Serde<VO> joinValueSerde);

Tradeoffs

The more intrusive version gives the user better clarity that his resulting KTable is not only keyed by the other table's key but its also keyed by this table's key. So he will be less surprised that in a theoretical later aggregation he might find the same key from the other ktable twice. On the other hand the less intrusive method doesn't need to introduce this wrapper class but let the user handle the need of having both tables keys present in the output key himself. This might lead to a deeper understanding for the user and serdes might be able to pack the data denser. An additional benefit is that the user can stick with his default serde or his standard way of serializing when sinking the data into another topic using for example to() while the CombinedKey would require an additional mapping to what the less intrusive method has.

Back and forth mapper

This is a proposal to get rid of the Type CombinedKey in the return type. We would internally use a Combined key and a Combined Key Serde and apply the mappers only at the processing boundaries (ValueGetterSupplier, context.forward). The data will still be serialized for repartitioning in a way that is specific to Kafka and might prevent users from using their default tooling with these topics.

KTable.java
     /**
	 * 
     * Joins one record of this KTable to n records of the other KTable,
     * an update in this KTable will update all n matching records, an update
     * in other table will update only the one matching record.
     * 
     * @param the table containing n records for each K of this table
     * @param keyExtractor a {@code ValueMapper} returning the key of this table from the others value
     * @param customCombinedKey a {@code ValueMapper} allowing the CombinedKey to be wrapped in a custom object
	 * @param combinedKey a {@code ValueMapper} allowing to unwrap the custom object again.
     * @param <VO> the resultings tables Value
     * @param joiner
     * @return
     */
    <KO VO, K1, V1> KTable<KO,VO> oneToManyJoin(KTable<K1, V1> other,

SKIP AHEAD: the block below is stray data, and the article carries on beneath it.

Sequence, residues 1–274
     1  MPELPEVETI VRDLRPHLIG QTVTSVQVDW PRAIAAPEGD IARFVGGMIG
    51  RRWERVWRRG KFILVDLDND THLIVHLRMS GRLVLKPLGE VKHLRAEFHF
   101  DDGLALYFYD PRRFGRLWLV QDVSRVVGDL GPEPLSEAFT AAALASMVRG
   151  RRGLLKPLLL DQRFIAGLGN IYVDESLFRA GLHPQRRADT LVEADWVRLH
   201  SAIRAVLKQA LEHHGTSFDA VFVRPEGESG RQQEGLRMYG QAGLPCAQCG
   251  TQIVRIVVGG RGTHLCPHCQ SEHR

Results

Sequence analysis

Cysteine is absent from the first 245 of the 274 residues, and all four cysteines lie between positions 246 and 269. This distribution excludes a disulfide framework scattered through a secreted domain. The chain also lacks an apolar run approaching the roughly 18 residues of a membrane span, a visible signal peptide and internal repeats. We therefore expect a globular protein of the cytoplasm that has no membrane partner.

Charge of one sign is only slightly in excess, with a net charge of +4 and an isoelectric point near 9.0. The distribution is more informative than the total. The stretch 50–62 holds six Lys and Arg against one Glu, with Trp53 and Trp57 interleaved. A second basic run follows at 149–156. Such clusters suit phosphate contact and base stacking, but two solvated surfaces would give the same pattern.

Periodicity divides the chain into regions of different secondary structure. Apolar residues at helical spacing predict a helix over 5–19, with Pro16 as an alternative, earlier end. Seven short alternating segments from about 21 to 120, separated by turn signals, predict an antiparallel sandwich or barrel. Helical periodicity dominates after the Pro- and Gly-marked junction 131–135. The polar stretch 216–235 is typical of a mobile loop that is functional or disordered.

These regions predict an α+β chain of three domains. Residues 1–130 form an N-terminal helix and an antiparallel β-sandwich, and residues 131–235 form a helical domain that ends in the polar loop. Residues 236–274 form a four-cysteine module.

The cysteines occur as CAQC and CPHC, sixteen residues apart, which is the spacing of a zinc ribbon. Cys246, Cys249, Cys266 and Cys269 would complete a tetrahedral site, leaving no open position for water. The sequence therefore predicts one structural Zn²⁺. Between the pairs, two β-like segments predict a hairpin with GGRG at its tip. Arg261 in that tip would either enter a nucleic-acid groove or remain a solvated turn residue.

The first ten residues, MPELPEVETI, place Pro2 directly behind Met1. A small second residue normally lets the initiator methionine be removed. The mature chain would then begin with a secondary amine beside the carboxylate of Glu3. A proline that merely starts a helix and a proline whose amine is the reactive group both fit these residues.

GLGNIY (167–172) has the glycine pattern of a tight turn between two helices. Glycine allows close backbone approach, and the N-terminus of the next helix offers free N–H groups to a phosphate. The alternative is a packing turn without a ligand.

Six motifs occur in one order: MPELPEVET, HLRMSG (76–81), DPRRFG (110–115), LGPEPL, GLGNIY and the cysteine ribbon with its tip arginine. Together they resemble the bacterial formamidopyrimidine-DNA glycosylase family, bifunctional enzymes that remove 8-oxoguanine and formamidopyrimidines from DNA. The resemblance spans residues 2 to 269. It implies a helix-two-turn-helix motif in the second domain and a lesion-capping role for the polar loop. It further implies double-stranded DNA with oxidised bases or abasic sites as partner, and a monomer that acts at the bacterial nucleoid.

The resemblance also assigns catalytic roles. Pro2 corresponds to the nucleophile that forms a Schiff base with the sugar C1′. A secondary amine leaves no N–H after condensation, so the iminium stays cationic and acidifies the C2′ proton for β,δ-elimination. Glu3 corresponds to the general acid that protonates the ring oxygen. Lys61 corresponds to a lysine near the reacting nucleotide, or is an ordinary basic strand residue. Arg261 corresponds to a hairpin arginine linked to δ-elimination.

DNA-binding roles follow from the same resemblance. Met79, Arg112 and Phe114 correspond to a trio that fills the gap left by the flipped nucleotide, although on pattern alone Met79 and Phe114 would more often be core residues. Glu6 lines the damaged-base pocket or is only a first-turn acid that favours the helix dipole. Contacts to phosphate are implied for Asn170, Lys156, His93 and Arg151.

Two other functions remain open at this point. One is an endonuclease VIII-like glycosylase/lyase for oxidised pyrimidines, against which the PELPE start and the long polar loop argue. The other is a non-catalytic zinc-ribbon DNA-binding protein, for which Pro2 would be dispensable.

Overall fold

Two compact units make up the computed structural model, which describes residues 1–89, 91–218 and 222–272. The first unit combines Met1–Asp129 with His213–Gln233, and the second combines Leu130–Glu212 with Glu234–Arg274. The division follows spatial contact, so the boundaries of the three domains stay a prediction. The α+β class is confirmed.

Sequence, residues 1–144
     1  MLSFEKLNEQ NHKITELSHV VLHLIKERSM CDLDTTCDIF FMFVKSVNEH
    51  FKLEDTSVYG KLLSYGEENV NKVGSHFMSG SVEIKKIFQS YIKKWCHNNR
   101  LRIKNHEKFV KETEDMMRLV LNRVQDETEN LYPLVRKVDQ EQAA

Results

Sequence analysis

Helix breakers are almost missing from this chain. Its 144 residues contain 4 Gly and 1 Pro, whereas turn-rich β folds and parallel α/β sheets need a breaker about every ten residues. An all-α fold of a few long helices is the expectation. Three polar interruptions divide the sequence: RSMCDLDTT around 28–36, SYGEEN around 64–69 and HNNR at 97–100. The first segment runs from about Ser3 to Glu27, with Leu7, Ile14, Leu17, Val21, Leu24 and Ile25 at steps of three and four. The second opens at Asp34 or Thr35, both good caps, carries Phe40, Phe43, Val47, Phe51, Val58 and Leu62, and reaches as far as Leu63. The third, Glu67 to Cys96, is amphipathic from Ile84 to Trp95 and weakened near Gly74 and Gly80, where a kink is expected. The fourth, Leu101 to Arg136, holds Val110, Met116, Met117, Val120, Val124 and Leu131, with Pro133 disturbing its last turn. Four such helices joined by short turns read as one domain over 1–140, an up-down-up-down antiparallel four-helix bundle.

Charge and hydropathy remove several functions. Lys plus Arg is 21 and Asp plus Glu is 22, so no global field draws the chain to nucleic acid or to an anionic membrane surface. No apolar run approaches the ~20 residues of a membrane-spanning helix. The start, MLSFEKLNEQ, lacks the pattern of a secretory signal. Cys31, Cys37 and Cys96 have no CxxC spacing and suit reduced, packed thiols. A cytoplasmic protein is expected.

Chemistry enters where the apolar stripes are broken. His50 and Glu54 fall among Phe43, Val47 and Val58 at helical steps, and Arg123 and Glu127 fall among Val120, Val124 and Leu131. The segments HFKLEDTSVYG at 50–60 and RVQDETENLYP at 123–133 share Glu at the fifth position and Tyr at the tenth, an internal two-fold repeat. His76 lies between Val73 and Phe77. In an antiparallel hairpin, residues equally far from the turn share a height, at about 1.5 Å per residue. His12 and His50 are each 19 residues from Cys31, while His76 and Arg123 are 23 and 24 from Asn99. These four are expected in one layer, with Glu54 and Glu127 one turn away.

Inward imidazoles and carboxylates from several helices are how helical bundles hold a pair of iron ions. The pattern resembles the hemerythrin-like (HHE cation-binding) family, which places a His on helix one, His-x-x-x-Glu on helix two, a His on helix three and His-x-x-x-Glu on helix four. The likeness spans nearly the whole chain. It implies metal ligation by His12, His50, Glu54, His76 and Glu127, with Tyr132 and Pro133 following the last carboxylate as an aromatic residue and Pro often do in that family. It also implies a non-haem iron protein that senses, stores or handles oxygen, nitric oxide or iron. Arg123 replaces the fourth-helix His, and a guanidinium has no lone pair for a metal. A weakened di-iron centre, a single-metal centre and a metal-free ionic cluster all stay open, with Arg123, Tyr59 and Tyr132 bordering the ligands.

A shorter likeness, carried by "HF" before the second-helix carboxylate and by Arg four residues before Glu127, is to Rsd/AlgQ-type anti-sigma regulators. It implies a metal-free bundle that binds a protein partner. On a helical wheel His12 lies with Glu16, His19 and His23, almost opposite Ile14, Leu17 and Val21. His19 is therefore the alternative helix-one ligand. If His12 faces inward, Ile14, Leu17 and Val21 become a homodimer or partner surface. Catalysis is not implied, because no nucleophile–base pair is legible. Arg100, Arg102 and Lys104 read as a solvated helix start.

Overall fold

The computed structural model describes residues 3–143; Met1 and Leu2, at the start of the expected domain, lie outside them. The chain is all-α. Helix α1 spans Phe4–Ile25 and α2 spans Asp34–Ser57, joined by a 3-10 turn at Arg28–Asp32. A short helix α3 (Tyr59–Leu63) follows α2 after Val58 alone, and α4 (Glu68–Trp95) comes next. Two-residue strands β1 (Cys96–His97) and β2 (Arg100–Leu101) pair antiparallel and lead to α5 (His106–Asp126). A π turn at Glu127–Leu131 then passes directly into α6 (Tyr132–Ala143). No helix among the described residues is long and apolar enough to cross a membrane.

ValueMapper<V1, K> keyExtractor, 
			ValueMapper<CombinedKey<K1,K>,KO> outputKeyCombiner,
			ValueMapper<KO,CombinedKey<K1,K>> outputKeySpliter,
			ValueJoiner<V, V1, VO> joiner,
            Serde<K1> keyOtherSerde, 
	        Serde<V1> valueOtherSerde,
            Serde<VO> joinValueSerde);

Custom Serde

Introducing an additional new Serde. This is the approach is the counterpart to having a back and forth mapper. With this approach it is possible to keep any Custom serialization mechanism off the wire. How to serialize is completely with the user.

package org.apache.kafka.streams;

public class CombinedKeySerde<K,K1> extends Serde<CombinedKey<K,K1>> {
	
	public Serializer<K> getPartialKeySerializer();
 }
KTable.java
   /**
     * 
     * Joins one record of this KTable to n records of the other KTable,
     * an update in this KTable will update all n matching records, an update
     * in other table will update only the one matching record.
     * 
     * @param the table containing n records for each K of this table
     * @param keyExtractor a {@code ValueMapper} returning the key of this table from the others value
     * @param leftKeyExtractor a {@code ValueMapper} extracting the Key of this table from the resulting Key 
     * @param <VO> the resultings tables Value
     * @param joiner
     * @return
     */
    <VO, K1, V1> KTable<CombinedKey<K,K1>,VO> oneToManyJoin(KTable<K1, V1> other,
            ValueMapper<V1, K> keyExtractor, 
            ValueJoiner<V, V1, VO> joiner,
            Serde<K1> keyOtherSerde, Serde<V1> valueOtherSerde,
            Serde<VO> joinValueSerde,
			CombinedKeySerde<K,K1> combinedKeySerde);

Streams

We will implement a default CombinedKeySerde that will use a regular length encoding for both fields. So calls to the "intrusive approach" would constuct a default CombinedKeySerde and invoke the Serde Overload. This would work with all serde frameworks if the user is not interested in how the data is serialized in the topics.

Protobuf / Avro / thrift / Hadoop-Writeable / Custom

Users of these frameworks should have a very easy time implementing a CombinedKeySerde. Essentially they define an object that wraps K and K1 as usual keeping K1 as an optional field. The serializer returned from getPartialKeySerializer() would do the following:

  1. create such a wrapping object
  2. set the value for the K field
  3. serialize the wrapped object as usual.

This should work straight forward and users might implement a CombinedKeySerde that is specific to their framework and reuse the logic without implementing a new Serde for each key-pair.

JSON